Virginia Festival of the Book — Dracula vs. Frankenstein: A Monster Mash of Fact and Fiction

Do you have a collection? An interest? An obsession? If you are, you are very much like two of the presenters at the Virginia Festival of the Book: Susan Tyler Hitchcock, a Frankenstein expert (among many things), and Paul Bibeau, a fan of vampires.

Bibeau was literally scared into his obsession, with a tormenting older sister who knew her brother’s Achilles heel and popped out of dresser drawers and from behind doors wearing glow-in-the-dark fangs. Years later, his new wife would find herself spending her honeymoon in Romania looking for Vlad the Impaler’s castle (which Bibeau knew was not in Transylvania). His obsession led to his book Sundays with Vlad: From Pennsylvania to Transylvania, One Man's Quest to Live in the World of the Undead.

Hitchcock was a fan of Mary Shelley’s creation since her youth. Not only did she collect all things Frankenstein, she became the expert who could teach “Technology in Literature” to engineering majors and knew from research the 1818 novel by the then-teenager was the first novel that featured machinery and technology. Among her books is Frankenstein: A Cultural History.

The two authors were pitted “against” each other in the discussion “Dracula vs. Frankenstein,” which was rollicking good fun and a treat for the mind as well as the funny bone. These two very knowledgeable and passionate authors discussed the origins and paths of their very famous subjects.

These two legends present vastly different characters: one recognized as evil and one ambiguous in his intentions. Mary Shelley never villainized her creature, nor did subsequent tellings of the tale, plays and stories based on this unfortunate creation. In fact, Hitchcock agreed with Carole that the created human being was more a creature to be pitied. It was instead his creator, Victor Frankenstein, who rejected his creation at the moment of his birth, that caused the creature feel disconnected and unloved, and to lash out in response.

While we loosely use the word “monster” to describe him, Hitchcock noted that he was not an evil creature. Unlike Dracula, whom even Bram Stoker identified with the Devil, Frankenstein “allows us the hope of goodness. He was not made bad.” In fact, she said Sara Karloff, daughter of the man whose performance in the first movie defined the character for generations to come, noted that her father never called hima “monster,” just “the creature.”

“To know [Frankenstein] is to know ourselves,” Hitchcock noted.

Bibeau, in contrast, noted the “deep-down” evil in the myth of Dracula. Whether Stoker was familiar with the legend of Vlad the Impaler is up to debate or just used the name as his inspiration, Americans have made him their own. “Americans are always looking for the legend beneath the story,” Bibeau noted. “Why couldn’t the Romanians take the legend of Vlad the Impaler and make money on it? Because he belongs to us.”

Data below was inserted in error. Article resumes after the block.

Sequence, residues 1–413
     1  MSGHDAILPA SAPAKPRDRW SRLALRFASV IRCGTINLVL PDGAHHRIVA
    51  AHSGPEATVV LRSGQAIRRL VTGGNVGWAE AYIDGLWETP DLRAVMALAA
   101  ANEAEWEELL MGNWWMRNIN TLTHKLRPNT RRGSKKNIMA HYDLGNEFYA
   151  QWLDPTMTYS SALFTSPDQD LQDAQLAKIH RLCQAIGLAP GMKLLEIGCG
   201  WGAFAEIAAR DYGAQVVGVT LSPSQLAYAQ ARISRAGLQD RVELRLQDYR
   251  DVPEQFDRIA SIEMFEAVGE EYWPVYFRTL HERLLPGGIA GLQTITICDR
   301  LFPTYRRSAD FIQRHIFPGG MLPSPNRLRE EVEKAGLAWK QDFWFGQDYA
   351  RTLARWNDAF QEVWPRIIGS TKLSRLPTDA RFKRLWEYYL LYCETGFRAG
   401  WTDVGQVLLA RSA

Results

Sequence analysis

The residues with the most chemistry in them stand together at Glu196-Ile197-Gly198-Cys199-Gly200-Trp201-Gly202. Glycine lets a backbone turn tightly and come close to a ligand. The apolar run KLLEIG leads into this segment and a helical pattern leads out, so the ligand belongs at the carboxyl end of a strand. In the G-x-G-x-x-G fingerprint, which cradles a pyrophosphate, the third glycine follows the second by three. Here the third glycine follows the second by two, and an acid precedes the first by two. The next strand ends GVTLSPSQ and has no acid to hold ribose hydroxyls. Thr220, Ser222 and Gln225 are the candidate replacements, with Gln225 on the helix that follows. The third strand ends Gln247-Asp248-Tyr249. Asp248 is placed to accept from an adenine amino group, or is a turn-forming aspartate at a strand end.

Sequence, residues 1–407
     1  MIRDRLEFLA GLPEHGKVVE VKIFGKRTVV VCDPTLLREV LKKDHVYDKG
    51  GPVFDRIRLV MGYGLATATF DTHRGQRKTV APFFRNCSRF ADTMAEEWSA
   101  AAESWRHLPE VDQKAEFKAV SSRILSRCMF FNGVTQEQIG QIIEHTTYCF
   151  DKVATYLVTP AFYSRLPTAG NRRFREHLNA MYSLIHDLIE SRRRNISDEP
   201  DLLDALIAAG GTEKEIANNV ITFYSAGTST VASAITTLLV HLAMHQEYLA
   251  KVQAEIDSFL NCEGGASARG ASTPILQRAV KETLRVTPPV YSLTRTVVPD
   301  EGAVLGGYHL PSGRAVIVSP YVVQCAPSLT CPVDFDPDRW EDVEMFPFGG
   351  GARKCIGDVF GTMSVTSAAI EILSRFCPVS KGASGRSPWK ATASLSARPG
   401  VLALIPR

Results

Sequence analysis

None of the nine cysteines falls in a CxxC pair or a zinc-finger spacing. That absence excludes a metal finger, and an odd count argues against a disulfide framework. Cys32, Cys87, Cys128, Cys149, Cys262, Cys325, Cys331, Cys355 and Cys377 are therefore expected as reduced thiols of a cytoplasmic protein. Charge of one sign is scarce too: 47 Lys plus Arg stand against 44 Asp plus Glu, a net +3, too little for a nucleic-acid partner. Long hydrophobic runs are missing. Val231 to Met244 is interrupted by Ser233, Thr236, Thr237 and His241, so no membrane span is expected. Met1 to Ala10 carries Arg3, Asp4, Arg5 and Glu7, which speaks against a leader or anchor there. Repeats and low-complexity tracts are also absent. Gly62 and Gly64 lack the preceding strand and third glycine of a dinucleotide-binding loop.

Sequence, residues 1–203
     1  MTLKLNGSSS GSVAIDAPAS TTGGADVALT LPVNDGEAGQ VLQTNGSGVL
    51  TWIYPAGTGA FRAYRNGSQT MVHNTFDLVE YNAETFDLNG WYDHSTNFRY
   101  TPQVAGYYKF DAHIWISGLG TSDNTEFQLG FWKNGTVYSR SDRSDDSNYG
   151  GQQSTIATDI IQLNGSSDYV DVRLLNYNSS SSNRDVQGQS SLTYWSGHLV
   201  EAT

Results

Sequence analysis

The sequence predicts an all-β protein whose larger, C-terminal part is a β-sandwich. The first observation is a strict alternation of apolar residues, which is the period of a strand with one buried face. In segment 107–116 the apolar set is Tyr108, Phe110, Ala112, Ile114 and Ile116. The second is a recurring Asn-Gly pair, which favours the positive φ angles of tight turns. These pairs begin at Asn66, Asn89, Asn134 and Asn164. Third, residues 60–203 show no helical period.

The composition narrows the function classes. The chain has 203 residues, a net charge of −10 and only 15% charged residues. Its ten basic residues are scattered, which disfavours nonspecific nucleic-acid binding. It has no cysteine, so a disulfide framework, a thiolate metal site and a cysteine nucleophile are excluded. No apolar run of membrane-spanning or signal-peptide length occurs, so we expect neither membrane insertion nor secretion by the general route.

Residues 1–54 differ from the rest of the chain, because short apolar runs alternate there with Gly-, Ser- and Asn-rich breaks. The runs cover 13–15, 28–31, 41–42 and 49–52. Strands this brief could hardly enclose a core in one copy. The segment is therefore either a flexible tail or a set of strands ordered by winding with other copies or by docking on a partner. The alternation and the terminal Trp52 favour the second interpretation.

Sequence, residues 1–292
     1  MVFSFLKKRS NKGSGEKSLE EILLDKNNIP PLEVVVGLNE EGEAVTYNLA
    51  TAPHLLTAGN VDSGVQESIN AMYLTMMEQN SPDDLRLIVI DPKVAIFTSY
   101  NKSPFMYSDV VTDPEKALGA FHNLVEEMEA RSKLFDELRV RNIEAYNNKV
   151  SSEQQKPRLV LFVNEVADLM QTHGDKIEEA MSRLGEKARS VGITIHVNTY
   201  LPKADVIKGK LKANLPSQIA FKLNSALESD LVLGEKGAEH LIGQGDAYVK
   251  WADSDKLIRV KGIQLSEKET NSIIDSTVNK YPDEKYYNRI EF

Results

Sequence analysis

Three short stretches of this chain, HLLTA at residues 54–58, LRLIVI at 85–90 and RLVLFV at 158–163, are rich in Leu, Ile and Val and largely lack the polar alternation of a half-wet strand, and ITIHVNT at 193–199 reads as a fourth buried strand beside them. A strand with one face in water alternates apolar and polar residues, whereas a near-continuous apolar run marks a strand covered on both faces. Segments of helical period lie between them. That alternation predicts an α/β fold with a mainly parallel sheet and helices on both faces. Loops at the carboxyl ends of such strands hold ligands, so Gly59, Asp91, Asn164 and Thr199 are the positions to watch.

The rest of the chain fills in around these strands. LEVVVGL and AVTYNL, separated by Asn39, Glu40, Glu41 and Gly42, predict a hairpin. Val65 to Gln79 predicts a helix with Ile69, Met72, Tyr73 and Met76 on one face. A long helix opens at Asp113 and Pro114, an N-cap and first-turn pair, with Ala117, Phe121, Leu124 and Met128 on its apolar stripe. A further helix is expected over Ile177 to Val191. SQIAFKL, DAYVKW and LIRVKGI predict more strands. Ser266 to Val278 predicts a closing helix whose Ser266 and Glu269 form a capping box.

Interestingly enough, the two creatures, though created nearly a century apart, have been almost inseparable from the beginning. At the time Shelley wrote her “ghost story,” a fellow storyteller conceived The Vampire. In the mid- and late 19th century theater, these two stores were paired in performances.

Stoker’s Dracula was a novel very much based in the fears of the time, Bibeau noted, and was very much a treatise on immigration. At the turn of the 20th century, it was said “the sun never set on the British Empire.” While this put English culture in every country, it also allowed for other cultures to affect England.

“In 1897, when Stoker’s book came out, it was the story of immigration and the slipperiness of culture, and fears if tainting Anglo culture.” Think about it, he noted: the foreigner Dracula had a library full of English books and was planning to purchase land in the middle of London. Though he respected and valued this culture, his presence and ownership diluted the “purity” of Anglicanism.

Stoker equated Dracula with the Christian Devil, Bibeau noted. "In his notes, he wrote 'Dracula 'equals' Devil," he said, and an author can't really get more specific than that.

What fear did Frankenstein stoke? “The fear of possible negative consequences of doing something beyond our [capabilities],” Hitchcock noted. The fear remains in a world where sometimes science gets ahead of humanity; choose your poison.

Myself, I love “scary” stories with inexplicable creatures that incite fear. I have loved and feared both of these characters since my childhood and I was thrilled to hear these two authors discussing them in such an enlightened and joyful manner. It was one of my favorite events and I look forward to reading their books.

My friend Collin has an obsession with zombies, and I can’t wait to see how far he will take it. In fact, Carole, didn't he mention Max Brooks?


Carole said...

I remember seeing an interview with Elizabeth Kostova regarding The Historian. She said she had a similar experience on her quest to tour all things Dracula.

She found it fascinating that Romanians were completely unaware that this character had been so influential in our culture, at least during the Cold War. Now they are all about capitalism and the Dracula money-making industry is in full swing over there.

I enjoyed this discussion immensely!

Carole said...

Yes, he did mention that Max Brooks' work was amazing (I believe he said, 'I hate that guy' in regards to how good he is at what he does). I'm looking forward to our World War Z chat.

Collin is already enjoyed Sundays with Vlad and I hear him chuckling every couple of pages.

Chris said...

I'm glad it's so enjoyable. Anyone who considers LARP as research should have one rip-roaring book!

And I think I will have to re-examine my own Dracula-mania. If it's as prevalent as time travel, I could be on to something....